15.10 - Applying the Index and Partitioning Expression Recommendations - Teradata Database

Teradata Database SQL Request and Transaction Processing

prodname
Teradata Database
vrm_release
15.10
category
Programming Reference
User Guide
featnum
B035-1142-151K

At this stage of the database query analysis, you apply the indexes and partitioning expressions recommended by the Index and Partitioning Expression Analysis stage to the production database.

See Teradata Index Wizard User Guide for details about this process.

The process of applying the recommended indexes, or partitioning expressions, or both, to the production system is indicated by the following graphic. For any callout of Index in the graphic, you should read Index or Partitioning Expression, or both.

 

You can choose to implement all, some, or none, of the index or partitioning expression recommendations from a given Analysis.

In the case of indexes, the Index Wizard client utility has a menu option that automatically issues an SQL request containing the corresponding CREATE INDEX or CREATE JOIN INDEX text for you.

A recommended table partitioning requires a more complex set of SQL requests to recreate a populated table. The Index Wizard client utility provides a set of SQL requests in the form of a script to demonstrate one possible method of converting an existing table to a row‑partitioned table.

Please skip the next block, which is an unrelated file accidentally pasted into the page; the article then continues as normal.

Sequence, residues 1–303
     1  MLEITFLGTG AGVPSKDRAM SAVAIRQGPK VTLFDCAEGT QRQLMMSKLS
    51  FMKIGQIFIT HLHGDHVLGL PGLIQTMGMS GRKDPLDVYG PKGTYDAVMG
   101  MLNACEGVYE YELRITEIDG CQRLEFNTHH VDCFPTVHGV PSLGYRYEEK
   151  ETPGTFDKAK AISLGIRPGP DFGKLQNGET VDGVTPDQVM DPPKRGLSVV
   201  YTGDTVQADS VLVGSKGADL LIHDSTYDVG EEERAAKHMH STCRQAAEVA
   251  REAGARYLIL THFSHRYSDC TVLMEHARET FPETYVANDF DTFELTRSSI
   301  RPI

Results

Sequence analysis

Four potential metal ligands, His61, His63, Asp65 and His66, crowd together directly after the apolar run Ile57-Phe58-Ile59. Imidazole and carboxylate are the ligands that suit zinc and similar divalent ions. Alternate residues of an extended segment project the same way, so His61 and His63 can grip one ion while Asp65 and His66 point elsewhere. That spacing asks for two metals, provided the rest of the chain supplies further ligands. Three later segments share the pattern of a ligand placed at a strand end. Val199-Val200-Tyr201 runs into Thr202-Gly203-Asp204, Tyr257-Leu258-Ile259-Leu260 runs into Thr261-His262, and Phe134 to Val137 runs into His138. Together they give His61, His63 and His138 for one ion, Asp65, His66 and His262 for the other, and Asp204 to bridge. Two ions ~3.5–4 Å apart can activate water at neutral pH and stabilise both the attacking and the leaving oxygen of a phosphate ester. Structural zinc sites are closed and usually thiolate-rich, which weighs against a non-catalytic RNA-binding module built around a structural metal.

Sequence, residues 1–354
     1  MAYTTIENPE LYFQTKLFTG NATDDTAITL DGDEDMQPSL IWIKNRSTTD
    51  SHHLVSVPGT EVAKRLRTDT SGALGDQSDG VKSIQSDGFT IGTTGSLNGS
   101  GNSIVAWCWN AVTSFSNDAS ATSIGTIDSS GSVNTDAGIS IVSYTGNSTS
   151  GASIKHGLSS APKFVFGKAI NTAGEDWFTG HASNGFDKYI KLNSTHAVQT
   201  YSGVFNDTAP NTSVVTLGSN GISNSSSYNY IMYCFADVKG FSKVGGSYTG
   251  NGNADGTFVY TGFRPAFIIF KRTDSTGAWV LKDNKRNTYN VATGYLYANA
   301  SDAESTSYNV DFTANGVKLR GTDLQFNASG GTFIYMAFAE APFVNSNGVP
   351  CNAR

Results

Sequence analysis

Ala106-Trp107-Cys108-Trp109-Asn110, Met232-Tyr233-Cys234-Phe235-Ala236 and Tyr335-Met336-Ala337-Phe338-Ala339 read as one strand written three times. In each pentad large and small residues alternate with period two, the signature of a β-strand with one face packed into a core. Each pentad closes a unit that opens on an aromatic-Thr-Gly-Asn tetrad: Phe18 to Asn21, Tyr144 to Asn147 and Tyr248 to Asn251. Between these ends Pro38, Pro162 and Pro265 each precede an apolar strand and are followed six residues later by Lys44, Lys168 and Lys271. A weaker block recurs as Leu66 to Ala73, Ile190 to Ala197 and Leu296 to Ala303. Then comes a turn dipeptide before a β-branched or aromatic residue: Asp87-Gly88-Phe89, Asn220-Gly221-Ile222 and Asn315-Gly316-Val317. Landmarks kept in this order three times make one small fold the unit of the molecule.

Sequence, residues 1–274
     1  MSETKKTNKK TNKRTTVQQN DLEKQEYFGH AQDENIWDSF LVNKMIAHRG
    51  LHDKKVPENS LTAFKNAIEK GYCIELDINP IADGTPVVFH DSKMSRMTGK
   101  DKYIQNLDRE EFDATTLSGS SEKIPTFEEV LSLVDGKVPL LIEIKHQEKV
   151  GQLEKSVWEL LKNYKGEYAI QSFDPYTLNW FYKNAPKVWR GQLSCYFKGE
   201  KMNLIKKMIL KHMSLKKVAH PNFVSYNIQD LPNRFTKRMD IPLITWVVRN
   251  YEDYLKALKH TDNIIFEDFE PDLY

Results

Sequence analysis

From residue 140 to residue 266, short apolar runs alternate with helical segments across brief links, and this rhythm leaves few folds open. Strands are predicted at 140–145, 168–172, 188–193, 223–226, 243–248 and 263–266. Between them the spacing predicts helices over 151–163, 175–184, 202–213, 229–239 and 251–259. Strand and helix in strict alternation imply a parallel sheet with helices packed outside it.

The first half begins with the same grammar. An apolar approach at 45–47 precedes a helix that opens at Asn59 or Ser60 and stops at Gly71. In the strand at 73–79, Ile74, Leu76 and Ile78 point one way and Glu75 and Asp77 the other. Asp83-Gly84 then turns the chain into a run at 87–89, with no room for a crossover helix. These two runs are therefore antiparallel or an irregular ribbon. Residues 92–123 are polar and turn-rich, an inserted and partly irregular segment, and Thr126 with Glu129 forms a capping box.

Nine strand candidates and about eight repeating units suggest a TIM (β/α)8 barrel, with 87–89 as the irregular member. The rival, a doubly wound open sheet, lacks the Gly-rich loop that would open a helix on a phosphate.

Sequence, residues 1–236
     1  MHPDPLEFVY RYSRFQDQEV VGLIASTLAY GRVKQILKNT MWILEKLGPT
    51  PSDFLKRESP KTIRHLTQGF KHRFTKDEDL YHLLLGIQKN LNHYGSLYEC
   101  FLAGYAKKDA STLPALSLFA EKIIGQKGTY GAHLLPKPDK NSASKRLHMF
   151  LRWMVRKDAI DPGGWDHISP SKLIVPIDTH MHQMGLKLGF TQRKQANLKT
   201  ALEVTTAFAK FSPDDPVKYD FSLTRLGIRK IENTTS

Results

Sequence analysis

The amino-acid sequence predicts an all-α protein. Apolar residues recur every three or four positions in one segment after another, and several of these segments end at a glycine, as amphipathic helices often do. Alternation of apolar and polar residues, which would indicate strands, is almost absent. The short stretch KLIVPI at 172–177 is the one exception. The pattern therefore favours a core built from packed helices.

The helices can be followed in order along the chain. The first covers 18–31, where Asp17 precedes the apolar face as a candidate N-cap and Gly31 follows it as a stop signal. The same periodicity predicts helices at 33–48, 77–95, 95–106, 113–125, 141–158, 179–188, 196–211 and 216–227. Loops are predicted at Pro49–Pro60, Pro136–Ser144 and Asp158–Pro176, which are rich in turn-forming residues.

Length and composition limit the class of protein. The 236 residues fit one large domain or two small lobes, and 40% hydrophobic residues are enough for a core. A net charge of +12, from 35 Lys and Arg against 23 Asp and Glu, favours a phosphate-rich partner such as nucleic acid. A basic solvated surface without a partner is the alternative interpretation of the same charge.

You are expected to examine and modify the script for the specific needs of your particular system. For example, you must verify that there is enough available disk space to temporarily hold two copies of the table, and you must also determine what privileges must be granted again and which existing indexes must be recreated.

You can indirectly execute the script by copying the displayed contents to the Execute SQL window that is accessible from the Tools menu of the Index Wizard.

The script creates a new permanent table, partitions it as desired, executes an appropriate INSERT … SELECT request to insert the rows from the nonpartitioned source table into it, drops the source table, and then renames the new table with the name of the old source table.

To reduce the possibility of naming collisions, the new table (before renaming) exists temporarily, before it is renamed, with a name of PPI_base_table_name where base_table_name is truncated if necessary.

See “Using the Index Wizard: Extended Example” on page 852 for an example of using this method.